Adam Boulton on Muck Rack

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Sky News Tonight Presenter, Editor at Large, and Sunday Times Political Columnist — The Times, Sky News

Presenter of Sky News Tonight. Editor at Large. Sunday Times political columnist. I RT what amuses or interests me inc. criticism. RT is not an endorsement.

I’m fed up with the Unmagnificent Seven. Isn’t everyone?

thesundaytimes.co.uk — It's not just politicians who get worn down by general election campaigns. Journalists succumb as well. After five weeks of argument, spin and evasion from pumped-up partisans, I sometimes think it's a pity they can't all lose. In previous elections I've seen votes cast with passion, determination and even fury, but not this time - except in Scotland.

Broadcast battles

thetimes.co.uk — There were four participants in the final three-way TV programme of this general election campaign: Cameron, Miliband, Clegg and the audience. And the audience won. The audience of millions at home got the clearest and liveliest exposition so far of where Britain's three main national parties stand - and the hand-picked audience in Leeds Town Hall pummelled each of the three would-be prime ministers (or deputy prime ministers) in succession.

How about a Tory-Labour coalition? It’s what the majority want

thesundaytimes.co.uk — SHORTLY after the last election, a group of television news presenters were queuing up to interview the new prime minister. One of us, who shall remain nameless, remarked that he rather liked the coalition because it was the first time in his life that Britain had a government that a majority of the electorate had in some way voted for.

I can see why politicians love Game of Thrones

telegraph.co.uk — Julia Gillard, Australia's deposed prime minister, professes herself a GoT addict, and has even taken to sending out messages on Twitter in Dothraki, one of the fantasy world's languages. Things get medieval in Game of Thrones So what's the attraction of the quasi-medieval dynastic saga with dragons, especially since I've never gone a bundle on fantasy?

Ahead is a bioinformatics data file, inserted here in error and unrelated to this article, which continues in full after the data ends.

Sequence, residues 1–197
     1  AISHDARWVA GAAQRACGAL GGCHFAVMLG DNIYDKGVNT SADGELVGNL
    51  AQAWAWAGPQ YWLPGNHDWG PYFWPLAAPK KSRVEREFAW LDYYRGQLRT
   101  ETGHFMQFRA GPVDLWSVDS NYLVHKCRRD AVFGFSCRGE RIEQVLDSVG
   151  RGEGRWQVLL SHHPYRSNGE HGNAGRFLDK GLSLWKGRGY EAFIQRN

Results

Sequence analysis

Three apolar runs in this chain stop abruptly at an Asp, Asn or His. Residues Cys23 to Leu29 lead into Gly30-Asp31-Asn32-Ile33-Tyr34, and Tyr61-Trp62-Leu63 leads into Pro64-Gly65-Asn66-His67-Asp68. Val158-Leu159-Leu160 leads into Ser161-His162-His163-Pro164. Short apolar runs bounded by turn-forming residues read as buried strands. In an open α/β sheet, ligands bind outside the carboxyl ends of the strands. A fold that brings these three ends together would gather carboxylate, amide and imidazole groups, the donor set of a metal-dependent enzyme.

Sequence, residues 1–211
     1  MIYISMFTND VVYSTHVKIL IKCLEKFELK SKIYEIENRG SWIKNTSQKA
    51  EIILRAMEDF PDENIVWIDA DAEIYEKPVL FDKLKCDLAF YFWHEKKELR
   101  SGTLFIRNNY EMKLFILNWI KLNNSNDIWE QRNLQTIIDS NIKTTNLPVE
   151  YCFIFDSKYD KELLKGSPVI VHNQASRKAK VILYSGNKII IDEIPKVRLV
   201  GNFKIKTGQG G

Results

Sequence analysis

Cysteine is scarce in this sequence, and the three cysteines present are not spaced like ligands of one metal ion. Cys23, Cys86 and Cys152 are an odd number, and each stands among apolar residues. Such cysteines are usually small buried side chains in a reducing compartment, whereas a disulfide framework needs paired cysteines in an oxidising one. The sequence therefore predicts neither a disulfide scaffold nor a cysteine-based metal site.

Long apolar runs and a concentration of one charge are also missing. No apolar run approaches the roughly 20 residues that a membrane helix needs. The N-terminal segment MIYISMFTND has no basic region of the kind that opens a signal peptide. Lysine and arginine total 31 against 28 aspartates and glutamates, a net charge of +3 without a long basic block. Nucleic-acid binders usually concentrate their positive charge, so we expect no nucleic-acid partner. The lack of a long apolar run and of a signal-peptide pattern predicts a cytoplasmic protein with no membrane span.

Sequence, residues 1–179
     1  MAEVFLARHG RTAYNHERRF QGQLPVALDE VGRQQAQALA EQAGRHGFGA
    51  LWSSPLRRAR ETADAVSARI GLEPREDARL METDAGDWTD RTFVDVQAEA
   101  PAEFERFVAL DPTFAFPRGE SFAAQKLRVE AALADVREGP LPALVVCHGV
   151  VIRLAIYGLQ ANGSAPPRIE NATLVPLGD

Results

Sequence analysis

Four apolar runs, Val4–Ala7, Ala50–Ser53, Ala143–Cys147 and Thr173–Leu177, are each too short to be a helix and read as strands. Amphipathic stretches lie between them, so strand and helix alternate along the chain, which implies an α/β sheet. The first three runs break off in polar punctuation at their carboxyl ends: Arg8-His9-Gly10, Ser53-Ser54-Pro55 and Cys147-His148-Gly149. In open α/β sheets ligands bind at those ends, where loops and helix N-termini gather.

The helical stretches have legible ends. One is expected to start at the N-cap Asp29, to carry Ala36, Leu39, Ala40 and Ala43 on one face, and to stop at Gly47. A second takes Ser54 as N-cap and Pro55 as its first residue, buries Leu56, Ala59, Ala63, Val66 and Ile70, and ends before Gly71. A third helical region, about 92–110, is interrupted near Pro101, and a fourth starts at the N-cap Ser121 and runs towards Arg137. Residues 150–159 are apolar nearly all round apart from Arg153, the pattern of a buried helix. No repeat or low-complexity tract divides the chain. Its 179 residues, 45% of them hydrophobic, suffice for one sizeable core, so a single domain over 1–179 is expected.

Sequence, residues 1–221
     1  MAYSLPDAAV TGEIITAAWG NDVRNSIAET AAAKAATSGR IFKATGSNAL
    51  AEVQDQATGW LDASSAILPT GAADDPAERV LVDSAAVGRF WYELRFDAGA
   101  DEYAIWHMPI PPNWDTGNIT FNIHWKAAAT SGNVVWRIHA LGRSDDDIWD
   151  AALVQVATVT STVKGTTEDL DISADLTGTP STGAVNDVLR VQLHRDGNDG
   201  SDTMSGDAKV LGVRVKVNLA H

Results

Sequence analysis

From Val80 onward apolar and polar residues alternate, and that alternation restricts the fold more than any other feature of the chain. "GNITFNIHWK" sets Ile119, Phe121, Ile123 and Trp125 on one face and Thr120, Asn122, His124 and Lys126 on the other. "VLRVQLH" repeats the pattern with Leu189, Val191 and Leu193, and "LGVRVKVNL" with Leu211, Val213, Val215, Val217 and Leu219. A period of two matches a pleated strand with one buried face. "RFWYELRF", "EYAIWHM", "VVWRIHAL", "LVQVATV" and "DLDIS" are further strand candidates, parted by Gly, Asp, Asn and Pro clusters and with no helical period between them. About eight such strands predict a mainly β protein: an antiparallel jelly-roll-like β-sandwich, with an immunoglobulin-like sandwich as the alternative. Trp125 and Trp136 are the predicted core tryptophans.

Here they come, hot off the press . . . just as the age of manifestos is over

thesundaytimes.co.uk — The election campaign has not started yet for many potential voters. Anybody who cares knows it is happening but that doesn't mean they know what part they are going to play, if any, on polling day. Even those likely to vote are exceptionally unsure who they are going to back.

Jinxed Cameron has the upper hand but can’t land a killer blow

thesundaytimes.co.uk — FORGET the post-mortem examination for now, the London School of Economics played host this weekend to the "pre-mortem" of an election campaign that is very much alive and kicking, even though it will only begin officially tomorrow when David Cameron hands in his notice (temporarily, he hopes) to Her Majesty.

Broadcast battles

thetimes.co.uk — Largely thanks to foot-dragging by the Conservatives, the outcome of negotiations between broadcasters and political parties this year's general election debates pleases no one. The broadcasters proposed three face-to-face debates and Lynton Crosby, Cameron's campaign manager, has succeeded in agreeing only one "debate" in which party leaders will confront each other live, scheduled for April 2.

Cameron’s hedgehog strategy for the TV debates will make voters pricklish

thesundaytimes.co.uk — OUR MPs didn't need Russell Brand to start preaching "don't bother voting" and "revolution" to tell them that large sections of the public are turned off by the conventional political process. The Commons commissioned an investigation into voter engagement which reported last November.

Dave and Ed can’t worry about our security now, there’s an election to win

thesundaytimes.co.uk — Beyond recording the horrors perpetrated in its name, nobody finds it easy to talk about Isis. Most of the time we can't even agree what the group is called - Islamic State, IS and Isil jostle with Daesh, the Arabic acronym preferred by John Kerry, the US secretary of state.

I hope months of mess suits you: that’s what you’re voting for

thesundaytimes.co.uk — LAST time, 2010, was like your first party, all exciting; it won't be like that this May. Given the near-universal assumption that the outcome of the upcoming general election will be inconclusive and fail to yield a strong single-party majority government, Britain's constitutionalists are growing worried. They are right to be.
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May 06, 2015

RT @davidtorrance: This pic will have to feature in my forthcoming (updated) biography of Alex Salmond. I'll justify it somehow. pic.twitter.com/wBGVN5tPR8

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